While gaudily festooned Hollywood liberals presented each other with the false golden idol of a little naked man, enlightened others quietly celebrated the traditions of thousands of years of Western Civilization with the first annual Pre-emptive Theology of Bellicosity and Competitive Deficit Spending Awards. Here’s the skinny:
Best Harangue in the Style of Father Coughlin went to Mel Gibson’s The Passion of the Christ, for its unequivocal rejection of no-fault doctrine, for its adherence to traditional family values of the Middle Ages and for its reinvigoration of flayed-muscular Christianity as X-treme sport.
Best Manifestation of the Glory of God went to… God, of course, for His all-knowing choice of Pat Robertson as His prophetic vehicle, and unto whom He has delivered glad tidings that George W. Bush will be swept back into office in 2004, despite the pesky trial-by-election posed by unholy French-looking pretenders to the throne of state.
The Nearer-My-God-to-Thee Award went to Rodger Findiesen, an American Airlines pilot who warned his passengers that non-Christians are “crazy.” “You can use your time wisely on this flight or you can sit back and watch the movies,” he said, urging believers to identify themselves and start converting the heathens in their midst. Panicked infidels rang relatives from cell phones, so great was their fear of the Good Word.
Best Gaffer went to Education Secretary Rod Paige for calling the National Education Association a “terrorist organization” because it has criticized aspects of George W. Bush’s implementation of the No Child Left Behind Act. Although Paige later said he didn’t really mean it, delighted prosecutors were said to be considering freezing the association’s assets, and rumors swirled of teachers being shipped to Guantánamo Bay, where once and for all they might learn what’s good for them.
Best Rendition of a Combat Zone was awarded to Governor Arnold Schwarzenegger when he stated that the rush of gay marriages in San Francisco was not merely civil disobedience but a civil disturbance risking bloodshed. Although Schwarzenegger later said that gay marriage was “fine” with him, his terminology officially fell within the purview of the USA Patriot Act and potentially subjected civil disturbers to secret searches of their homes and bedrooms and closets and drawers and all the dark, moist, sordid little places where they might be plotting the overthrow of the domestic order.
Best Rendition of a Comfort Zone went to American Airlines for kicking off a plane four Carmelite nuns because other passengers complained of a sulfurous smell emanating from their vicinity.
Best Rendition of an Ethical Twilight Zone was won hands down by Supreme Court Justice Antonin Scalia for his acceptance of an invitation to go duck hunting with Vice President Dick Cheney, who is the subject of a suit recently accepted for review by the Court; and for Scalia’s acceptance of free transportation on the vice presidential plane, Air Force Two; and for Scalia’s acceptance speech itself, a concise yet artful performance in the looks-like-a-duck, sounds-like-a-duck, must-be-a-duck category: “Quack, quack.”
We are still waiting for the results to be tallied in the category of Best Actor in an Oil Production. In fact, we are still waiting for the release of the names of the nominees. Our reporters are positioned outside the offices of Vice President Cheney, where, rumor has it, the merits are to be weighed, right after the ducks. Still waiting… Standing by…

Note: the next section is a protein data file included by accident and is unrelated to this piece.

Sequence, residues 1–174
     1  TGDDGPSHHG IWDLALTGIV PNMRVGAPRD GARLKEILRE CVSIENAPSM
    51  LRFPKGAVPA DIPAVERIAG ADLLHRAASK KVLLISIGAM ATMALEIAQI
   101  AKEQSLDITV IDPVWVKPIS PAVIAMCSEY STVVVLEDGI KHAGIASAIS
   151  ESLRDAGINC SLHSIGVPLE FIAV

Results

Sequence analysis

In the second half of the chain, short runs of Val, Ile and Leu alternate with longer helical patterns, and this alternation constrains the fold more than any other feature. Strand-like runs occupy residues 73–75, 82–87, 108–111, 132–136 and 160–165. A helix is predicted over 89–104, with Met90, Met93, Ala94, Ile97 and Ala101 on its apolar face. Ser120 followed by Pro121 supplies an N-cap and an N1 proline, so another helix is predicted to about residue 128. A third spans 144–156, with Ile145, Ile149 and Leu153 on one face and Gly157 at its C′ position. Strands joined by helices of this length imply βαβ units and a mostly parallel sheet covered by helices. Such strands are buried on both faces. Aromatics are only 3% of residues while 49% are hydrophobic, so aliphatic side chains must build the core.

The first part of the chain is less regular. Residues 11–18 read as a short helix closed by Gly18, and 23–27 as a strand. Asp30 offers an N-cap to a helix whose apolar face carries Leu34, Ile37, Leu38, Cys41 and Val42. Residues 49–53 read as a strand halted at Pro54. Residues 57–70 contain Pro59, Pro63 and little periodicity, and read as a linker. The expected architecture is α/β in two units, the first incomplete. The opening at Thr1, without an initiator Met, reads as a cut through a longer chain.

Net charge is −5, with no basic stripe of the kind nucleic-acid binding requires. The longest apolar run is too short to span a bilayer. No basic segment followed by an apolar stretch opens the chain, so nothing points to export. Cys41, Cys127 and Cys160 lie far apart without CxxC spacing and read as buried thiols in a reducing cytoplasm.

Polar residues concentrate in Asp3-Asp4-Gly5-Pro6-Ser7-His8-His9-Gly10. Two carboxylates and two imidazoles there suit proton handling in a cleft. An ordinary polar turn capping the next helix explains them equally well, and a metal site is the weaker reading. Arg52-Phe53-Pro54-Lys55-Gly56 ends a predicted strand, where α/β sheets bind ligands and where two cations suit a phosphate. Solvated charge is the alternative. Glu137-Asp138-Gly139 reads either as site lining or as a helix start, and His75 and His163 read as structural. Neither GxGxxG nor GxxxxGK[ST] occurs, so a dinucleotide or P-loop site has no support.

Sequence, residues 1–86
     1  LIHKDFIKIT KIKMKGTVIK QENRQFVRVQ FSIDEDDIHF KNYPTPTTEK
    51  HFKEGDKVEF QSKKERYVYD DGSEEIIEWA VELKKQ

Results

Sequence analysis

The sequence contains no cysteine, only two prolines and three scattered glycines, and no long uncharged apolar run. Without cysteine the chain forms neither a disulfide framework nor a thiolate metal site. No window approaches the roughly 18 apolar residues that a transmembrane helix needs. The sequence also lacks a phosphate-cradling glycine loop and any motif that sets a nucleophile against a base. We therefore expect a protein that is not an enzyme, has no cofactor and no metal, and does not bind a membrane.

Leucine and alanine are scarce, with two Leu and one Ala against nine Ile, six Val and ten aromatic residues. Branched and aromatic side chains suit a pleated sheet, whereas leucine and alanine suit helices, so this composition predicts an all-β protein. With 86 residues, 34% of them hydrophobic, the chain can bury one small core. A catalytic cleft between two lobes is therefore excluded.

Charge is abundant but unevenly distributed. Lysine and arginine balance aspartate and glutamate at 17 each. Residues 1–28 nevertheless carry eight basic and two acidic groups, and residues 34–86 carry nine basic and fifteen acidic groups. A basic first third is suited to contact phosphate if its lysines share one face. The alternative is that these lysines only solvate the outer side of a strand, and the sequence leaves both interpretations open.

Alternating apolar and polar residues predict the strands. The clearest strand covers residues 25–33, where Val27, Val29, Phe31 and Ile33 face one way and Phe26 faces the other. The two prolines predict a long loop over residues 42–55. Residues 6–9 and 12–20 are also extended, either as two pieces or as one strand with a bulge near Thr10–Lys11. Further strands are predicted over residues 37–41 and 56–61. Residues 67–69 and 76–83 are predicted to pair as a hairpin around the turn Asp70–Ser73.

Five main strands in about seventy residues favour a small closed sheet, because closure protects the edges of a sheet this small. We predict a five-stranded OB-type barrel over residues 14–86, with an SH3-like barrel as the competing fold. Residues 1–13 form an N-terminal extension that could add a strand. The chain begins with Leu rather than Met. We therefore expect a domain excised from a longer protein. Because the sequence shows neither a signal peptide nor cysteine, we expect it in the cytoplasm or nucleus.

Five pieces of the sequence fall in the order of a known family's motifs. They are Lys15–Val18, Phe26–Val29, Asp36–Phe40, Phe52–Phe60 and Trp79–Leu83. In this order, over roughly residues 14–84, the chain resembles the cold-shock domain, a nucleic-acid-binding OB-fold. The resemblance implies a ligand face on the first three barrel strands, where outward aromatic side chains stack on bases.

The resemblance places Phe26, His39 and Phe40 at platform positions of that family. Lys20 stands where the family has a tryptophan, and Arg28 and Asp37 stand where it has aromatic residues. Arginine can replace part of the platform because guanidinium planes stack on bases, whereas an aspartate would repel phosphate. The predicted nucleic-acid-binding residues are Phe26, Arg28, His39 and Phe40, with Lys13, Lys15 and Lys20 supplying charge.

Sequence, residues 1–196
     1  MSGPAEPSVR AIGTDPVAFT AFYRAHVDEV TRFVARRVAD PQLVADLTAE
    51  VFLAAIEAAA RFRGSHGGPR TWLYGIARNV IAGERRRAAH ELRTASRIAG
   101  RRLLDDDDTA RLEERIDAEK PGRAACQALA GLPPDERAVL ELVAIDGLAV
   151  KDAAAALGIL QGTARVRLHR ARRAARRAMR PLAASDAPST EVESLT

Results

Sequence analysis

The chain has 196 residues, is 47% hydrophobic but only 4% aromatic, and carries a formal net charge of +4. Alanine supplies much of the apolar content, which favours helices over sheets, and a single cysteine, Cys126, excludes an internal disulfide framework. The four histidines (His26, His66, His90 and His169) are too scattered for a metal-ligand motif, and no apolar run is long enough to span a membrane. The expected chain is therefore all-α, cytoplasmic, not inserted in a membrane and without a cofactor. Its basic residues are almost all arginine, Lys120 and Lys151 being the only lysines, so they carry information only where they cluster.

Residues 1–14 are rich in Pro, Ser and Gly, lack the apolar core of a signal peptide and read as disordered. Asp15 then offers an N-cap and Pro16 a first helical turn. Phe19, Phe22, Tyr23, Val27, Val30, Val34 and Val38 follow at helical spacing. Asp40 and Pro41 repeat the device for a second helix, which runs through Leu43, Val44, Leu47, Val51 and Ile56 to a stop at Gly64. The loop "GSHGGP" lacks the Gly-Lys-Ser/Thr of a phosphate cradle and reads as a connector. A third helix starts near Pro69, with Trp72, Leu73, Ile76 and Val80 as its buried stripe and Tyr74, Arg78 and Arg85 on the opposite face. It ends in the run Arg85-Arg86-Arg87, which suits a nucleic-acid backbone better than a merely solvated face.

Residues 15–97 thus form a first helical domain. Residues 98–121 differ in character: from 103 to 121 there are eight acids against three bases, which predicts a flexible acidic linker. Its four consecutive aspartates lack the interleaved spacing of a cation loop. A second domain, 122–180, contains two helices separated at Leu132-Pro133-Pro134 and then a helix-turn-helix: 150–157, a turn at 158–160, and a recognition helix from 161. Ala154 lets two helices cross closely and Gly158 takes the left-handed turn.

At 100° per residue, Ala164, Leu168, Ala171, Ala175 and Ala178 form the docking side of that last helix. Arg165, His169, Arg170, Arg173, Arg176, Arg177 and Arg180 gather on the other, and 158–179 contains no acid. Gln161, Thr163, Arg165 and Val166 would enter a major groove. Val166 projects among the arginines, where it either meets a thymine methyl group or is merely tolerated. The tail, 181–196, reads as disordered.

Best Musical of the Chairs went to Federal Reserve Chairman Alan Greenspan for his proposal that funds from Social Security’s cost of living adjustments should be used to help pay for the federal budget deficit, a plan that would have the edifying side effect of thwarting those godless, aging, long-haired, free-love, spend-and-tax baby boomers in their conspiracy to live well past their allotted time.
Best Make-Up was shared by France and the United States, which, having overlooked the human rights crisis in Haiti until it reached the boiling point, opted to “stabilize” that country by booting out its democratically elected president, collaborating with rebel leaders, including former members of Duvalier’s infamous death squads, blocking the flow of desperate Haitians fleeing toward Florida and otherwise proclaiming their mutual interest in liberty, fraternity and equality.
A special American-as-Warm-Apple-Schnitzel award went to Senator Orrin Hatch for his proposed constitutional amendment dispensing with the requirement that presidential candidates be born in the USA, in favor of a twenty-year citizenship requirement, thus ordaining his friend Arnold Schwarzenegger as eligible for the job of leader of the new global outsourcing.
Best Thou-Shalt-Not-Kill Bill went to proponents of a House proposal that assaults on pregnant women be treated as two-person crimes, thus granting fetuses the status of personhood in the eyes of the law. Fetal personality would likely be the first step toward guardianship proceedings for fetuses, custody awards of fetuses and complicated questions of fetal detention under the USA Patriot Act, since even persons deemed innocent may be held indefinitely if the Pentagon sees risk in their release.
Best Moment in Homeland Security was awarded to the Senate, for its refusal to renew a ten-year ban on assault weapons or to require background checks on gun show customers.
The Better Than Best Moment in Homeland Security went to the chairman of the board of Smith and Wesson, a convicted robber who resigned from his post while the industry continues to press for Congressional reconsideration of a bill that would give gunmakers immunity from most forms of prosecution.
And top honors in the Life Is So Unfair category went to the Prada-clad college students who staged a campus protest against affirmative action in New York City, where close to half of all black men ages 16 to 65 are unemployed.